Another way restaurant owners can stay relevant is by capitalising on food holidays. Stay up-to-date with these days to create fun social media posts and inspire one-off dishes.
4. Offer delivery services.
If you’re adjusting your menu regularly, updating third-party platforms like Uber Eats and Deliveroo can take up a lot of time. Making deliveries yourself, in the safest manner possible, can give you control over frequent menu updates and ensure everyone who comes into contact with your food follows your stringent health and safety procedures.
When Johnny was looking to adapt the business from takeaway to delivery, he had to check with his staff to see if they would be prepared to go the extra mile. Johnny asked his staff, “who wants to deliver?” and everyone put up their hands.
He adds, “We’re all in. It could be any of us delivering, including the chef. At the moment, it’s all hands on deck in the safest manner possible. It really does take a village.”
5. Create customer-specific specials.
When given the option, consumers tend to choose businesses that cater specifically to them and their needs – and that includes restaurants. So, if you want customers to order take-away and delivery from your restaurant, try offering deals and menu items that address them directly.
For example, if you’re a family-friendly restaurant, offer a weeknight family-style take-and-bake option targeted at working parents. If you’re a more romantic, upscale spot, offer a date night special targeted at couples. Want to get creative with cocktails? Put some DIY mixology kits together to complement certain menu items… and let customers shake things up at home.
6. Add limited-edition menu items.
If you have a static menu, your customers know they can order what they want, whenever they want. And while that convenience is great, it doesn’t create any sense of urgency. Instead, it can make it easy for customers to put off ordering take-away or delivery… which can very easily result in them not ordering at all.
So, if you want to increase your take-away and delivery orders, you need to create a sense of urgency. And one of the most effective restaurant take-away marketing strategies to create that sense of urgency is with ‘limited time only’ menu items. If there’s something new and exciting on your menu – and your customers know it’s only going to be available for a short period of time – they won’t want to miss out.
If possible, have one or two limited-edition items on your menu at any given time. Keep them on your menu for a short period (two weeks to a month is a good target) and make sure customers know when they’ll be off the menu. This sense of urgency will inspire more customers to place an order and try the menu item before it’s gone, thus boosting your take-away and delivery orders.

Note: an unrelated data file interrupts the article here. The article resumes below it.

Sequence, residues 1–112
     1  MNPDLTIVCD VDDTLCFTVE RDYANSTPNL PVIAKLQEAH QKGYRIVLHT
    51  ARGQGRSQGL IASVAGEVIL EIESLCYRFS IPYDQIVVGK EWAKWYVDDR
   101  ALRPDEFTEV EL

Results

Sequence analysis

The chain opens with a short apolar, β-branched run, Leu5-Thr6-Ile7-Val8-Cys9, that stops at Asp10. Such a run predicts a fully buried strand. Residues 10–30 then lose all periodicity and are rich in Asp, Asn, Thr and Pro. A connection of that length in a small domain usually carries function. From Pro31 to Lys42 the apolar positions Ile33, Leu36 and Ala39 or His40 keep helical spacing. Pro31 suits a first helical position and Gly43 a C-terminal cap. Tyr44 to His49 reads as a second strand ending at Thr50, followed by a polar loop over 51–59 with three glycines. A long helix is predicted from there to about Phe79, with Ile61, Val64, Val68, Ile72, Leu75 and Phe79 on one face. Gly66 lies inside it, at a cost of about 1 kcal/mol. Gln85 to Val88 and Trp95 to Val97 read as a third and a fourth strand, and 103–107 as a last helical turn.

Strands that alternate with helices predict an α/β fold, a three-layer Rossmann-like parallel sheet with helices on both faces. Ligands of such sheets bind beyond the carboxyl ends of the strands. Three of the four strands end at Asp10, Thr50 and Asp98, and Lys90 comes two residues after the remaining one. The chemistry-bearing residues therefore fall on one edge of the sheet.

7. Incentivise your customers to order again.
If someone has already ordered take-away from you and enjoyed their food, chances are they’ll be interested in (eventually) ordering again. Your existing customers offer the biggest opportunity to increase your take-away revenue. With a bit of effort, you can transform a one-off take-away customer into a once-a-week take-away customer – and if you do that enough, you’ll have a steady stream of reliable customers to keep your take-away and delivery business moving forward.
The key to success with this strategy? Give customers an incentive to come back with every order. For example, include a “10% off your next delivery” voucher with every order, or create a rewards programme (using the back of a business card as a punch card!) that offers a freebie after five orders.
If you’re going to offer vouchers or punch cards to incentivise your customers to order take-away or delivery on a more regular basis, make sure they’re on-brand. Include your logo and use your brand colour palette on every item to make the items visually stimulating and to reinforce your brand identity.
Include a marketing postcard or magnet with your phone number and a QR code menu. This way, customers won’t have to spend time searching for your information when they’re ready to place an order… and your eatery will always be top of mind.
Ask for customer feedback.
Social media is a great place to ask for feedback. Some people are more comfortable providing their constructive critique on Facebook or Instagram as opposed to in-person.
Johnny recommends asking for candid feedback from your regulars. “If someone comes back to the shop and tells me the rice in the burrito they ate last week was a bit undercooked, it helps a lot. I’ll make sure it doesn’t happen again. This helps us to continuously improve.”